At the most fundamental level, this work has drastically changed attitudes towards peatlands, at all levels: local communities are now proud that people from all over the world come to see their beautiful mires, and they have regained lands for cranberry-picking and fishing – with the added income-generating opportunities these activities bring; government agencies support the campaign for re-wetting peatlands and placing more mires under formal protection; and the peat-extraction sector has changed how it approaches its business . The fact that the Government has supported the proposal to draft a law on the sustainable use of peatlands, shows how much attitudes have shifted.
Bringing about this scale of change and finding sustainable solutions to an issue as complex as restoration of peatlands, cannot really take place within a short period of four years. Fortunately, GEF did not stop its support for work on Belarusian peatlands after the first pilot project was completed. Further investments as part of a second, larger-scale project, have made it possible to sustain and multiply the transformation that can be achieved when there is a change in the knowledge, attitudes and approaches of the professionals in the sector, government, industry role players, and the public.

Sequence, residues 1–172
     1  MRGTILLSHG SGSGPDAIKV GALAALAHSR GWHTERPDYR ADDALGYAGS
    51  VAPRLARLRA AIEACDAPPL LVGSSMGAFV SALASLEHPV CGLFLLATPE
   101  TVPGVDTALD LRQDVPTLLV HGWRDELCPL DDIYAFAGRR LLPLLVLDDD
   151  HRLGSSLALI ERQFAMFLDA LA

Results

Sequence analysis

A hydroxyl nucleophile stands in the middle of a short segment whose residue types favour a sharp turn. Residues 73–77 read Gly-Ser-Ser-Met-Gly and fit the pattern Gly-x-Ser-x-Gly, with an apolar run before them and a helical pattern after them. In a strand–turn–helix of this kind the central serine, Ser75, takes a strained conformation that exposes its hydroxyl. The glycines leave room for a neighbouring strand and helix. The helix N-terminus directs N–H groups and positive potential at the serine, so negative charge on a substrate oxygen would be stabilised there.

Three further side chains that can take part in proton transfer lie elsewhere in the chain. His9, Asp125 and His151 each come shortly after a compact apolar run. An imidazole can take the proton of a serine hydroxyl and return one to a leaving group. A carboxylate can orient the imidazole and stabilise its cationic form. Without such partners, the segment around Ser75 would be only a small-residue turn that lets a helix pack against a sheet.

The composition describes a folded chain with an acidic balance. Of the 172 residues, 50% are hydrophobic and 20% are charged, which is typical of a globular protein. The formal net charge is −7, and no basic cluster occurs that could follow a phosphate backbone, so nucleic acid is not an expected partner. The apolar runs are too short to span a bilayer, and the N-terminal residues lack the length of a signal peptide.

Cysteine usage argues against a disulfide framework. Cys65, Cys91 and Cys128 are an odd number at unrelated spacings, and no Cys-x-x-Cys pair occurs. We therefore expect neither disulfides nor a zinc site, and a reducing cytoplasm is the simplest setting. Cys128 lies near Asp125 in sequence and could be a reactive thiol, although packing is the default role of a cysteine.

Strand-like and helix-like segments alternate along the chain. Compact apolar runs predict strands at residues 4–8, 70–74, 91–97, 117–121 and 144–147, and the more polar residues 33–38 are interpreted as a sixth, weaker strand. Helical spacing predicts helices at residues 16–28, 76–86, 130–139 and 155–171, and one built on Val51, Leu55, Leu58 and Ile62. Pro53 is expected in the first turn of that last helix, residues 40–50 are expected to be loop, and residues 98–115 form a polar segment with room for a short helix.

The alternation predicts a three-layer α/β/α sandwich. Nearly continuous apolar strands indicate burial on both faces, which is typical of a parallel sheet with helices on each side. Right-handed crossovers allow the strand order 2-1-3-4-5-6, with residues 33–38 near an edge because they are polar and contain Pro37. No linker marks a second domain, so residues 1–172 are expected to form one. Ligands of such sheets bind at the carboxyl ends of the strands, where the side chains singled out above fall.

When I started this work, it was my dream that Belarus can again become the ’land of mires’, with benefits for our people, our biodiversity and climate. It is extremely satisfying for me to see that dream becoming a reality.”
DR ALEXANDER KOZULIN grew up in the small village of Haradnaja (Gorodnaya) in the Belarusian Paliessie (Polessie), an area rich in peatlands. He is the Head of the International Cooperation Division of the National Centre for Bioresources, and a Senior Research Associate in the Institute of Zoology, at the Academy of Sciences of Belarus, where he has worked since 1978.